The drawing of the next book-club winner is coming up on February 28th. After the drawing, I will reach out to the winner to mail them three wonderful books – The Only Woman in the Room, Victoria, and Learning to See.
Learning to See by Elise Hooper
In Learning to See, Elise Hooper tells the gripping tale of photographer Dorothea Lange, a woman torn between work and family during the brutal Great Depression. I love this book and I wrote about it more here.
The Only Woman in the Room by Marie Benedict
The Only Woman in the Room follows the unbelievable life story of Hedy Lamarr. As a movie star, she had glamorous roles wearing high fashion, yet, off the set, Lamarr used her vast intelligence to work on inventions such as an improved traffic light, a soft drink, and the invention she patented, a frequency-hopping radio signal so that World War II enemies could not track torpedo signals.
Benedict takes this fantastic story and makes it believable.
The novel opens with young Hedy on stage in Austria before World War II, attracting the attention of an arms manufacturer she would later marry and, when he became too possessive, flee from to the United States. After the Navy Department refuses to consider Lamarr’s radio signal invention, Benedict ends with Hedy back on stage, using her beauty and glamor to raise money for the war effort, resigned to her fate.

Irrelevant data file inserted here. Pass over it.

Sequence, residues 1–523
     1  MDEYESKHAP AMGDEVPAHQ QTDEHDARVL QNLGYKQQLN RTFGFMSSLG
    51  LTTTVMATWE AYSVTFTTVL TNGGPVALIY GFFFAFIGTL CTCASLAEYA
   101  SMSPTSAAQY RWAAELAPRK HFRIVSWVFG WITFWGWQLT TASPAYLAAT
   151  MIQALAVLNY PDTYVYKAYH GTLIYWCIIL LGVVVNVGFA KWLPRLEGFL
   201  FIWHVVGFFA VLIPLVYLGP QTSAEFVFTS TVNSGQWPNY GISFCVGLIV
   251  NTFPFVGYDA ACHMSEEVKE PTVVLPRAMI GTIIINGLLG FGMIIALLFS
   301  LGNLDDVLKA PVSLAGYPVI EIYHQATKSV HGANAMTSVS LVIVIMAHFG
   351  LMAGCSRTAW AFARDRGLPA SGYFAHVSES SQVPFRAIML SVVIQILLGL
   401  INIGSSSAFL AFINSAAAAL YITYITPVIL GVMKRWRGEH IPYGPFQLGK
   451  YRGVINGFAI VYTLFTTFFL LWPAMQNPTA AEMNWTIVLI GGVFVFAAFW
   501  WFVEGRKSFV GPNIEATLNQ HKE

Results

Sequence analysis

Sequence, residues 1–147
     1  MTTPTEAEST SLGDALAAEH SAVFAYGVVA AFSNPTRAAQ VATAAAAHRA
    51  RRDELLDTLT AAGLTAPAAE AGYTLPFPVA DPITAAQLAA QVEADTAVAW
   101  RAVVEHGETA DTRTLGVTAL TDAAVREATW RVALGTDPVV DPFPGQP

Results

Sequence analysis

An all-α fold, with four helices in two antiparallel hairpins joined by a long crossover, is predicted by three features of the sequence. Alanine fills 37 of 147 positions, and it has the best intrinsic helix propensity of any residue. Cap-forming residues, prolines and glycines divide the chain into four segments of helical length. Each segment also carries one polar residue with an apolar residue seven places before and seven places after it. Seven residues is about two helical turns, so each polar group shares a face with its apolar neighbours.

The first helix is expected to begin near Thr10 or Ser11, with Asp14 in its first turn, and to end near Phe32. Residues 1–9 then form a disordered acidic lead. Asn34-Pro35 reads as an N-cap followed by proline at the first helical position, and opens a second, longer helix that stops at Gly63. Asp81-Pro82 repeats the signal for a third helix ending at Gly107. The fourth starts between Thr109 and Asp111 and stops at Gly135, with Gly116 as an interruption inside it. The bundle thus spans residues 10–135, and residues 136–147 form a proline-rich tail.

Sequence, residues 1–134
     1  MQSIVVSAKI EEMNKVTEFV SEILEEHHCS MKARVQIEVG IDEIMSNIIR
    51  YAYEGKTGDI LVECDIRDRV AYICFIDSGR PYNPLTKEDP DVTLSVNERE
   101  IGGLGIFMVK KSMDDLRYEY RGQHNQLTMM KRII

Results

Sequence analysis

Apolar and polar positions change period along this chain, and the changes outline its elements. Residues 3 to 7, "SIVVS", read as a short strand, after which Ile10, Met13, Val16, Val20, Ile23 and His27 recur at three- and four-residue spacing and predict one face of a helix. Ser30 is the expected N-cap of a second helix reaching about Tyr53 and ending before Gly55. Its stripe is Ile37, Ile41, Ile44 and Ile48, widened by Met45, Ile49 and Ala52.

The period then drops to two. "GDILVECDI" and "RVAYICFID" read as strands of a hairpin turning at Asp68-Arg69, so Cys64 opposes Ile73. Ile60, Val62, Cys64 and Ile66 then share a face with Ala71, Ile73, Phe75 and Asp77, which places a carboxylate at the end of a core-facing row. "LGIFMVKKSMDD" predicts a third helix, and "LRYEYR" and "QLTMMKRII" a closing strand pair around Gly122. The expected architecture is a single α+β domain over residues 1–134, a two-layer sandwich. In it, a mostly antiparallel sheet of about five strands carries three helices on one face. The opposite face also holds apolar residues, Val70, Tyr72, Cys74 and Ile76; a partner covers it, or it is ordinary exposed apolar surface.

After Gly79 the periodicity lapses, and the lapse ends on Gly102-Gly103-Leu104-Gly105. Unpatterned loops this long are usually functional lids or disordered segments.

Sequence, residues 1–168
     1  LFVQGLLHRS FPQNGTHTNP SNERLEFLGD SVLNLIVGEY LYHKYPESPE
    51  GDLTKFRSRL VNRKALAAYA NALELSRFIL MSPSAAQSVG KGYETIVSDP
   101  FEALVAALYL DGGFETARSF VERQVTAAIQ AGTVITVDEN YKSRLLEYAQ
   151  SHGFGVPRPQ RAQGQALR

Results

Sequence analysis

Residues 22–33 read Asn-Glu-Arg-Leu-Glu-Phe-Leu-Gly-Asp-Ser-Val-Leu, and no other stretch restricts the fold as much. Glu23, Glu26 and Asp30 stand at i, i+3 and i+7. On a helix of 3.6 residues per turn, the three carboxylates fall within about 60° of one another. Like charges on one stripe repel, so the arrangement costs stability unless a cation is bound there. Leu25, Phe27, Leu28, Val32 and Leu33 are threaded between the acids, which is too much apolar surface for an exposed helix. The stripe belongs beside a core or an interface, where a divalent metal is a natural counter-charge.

But I wonder, after a lifetime of fighting, would not Lamarr have risen again, perhaps not in the same brilliant scale, but still come to some psychological triumph?
Victoria by Daisy Goodwin
In Victoria, Daisy Goodwin traces the path of Queen Victoria from the start of her reign to the decision to marry Albert.
I assumed that once you became queen, you had it made, but this novel explores Victoria’s tricky path to learn protocol and understand how to get and keep both public and bureaucratic support. (Todays’ uproar over Prince Andrew and Megan Markle shows it’s not an easy a path.)
Victoria realizes that she needs someone with governmental knowledge on which to rely and to remain a trusted advisor. Having at least one trusted advisor is a good lesson for all of us. Goodwin divides the book into four clear-cut divisions, perhaps because it made it easily fit with the Masterpiece Theater episodes (I haven’t watched the tv version, because I wanted to read the novel first). The book ends with her proposal to Albert, but like Victoria’s growth into becoming a confident queen, I wonder if the marital relationship might have taken some getting used to as well.
Like the Books? Want to Enter the Drawing? Join My Book Club!
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Till next time,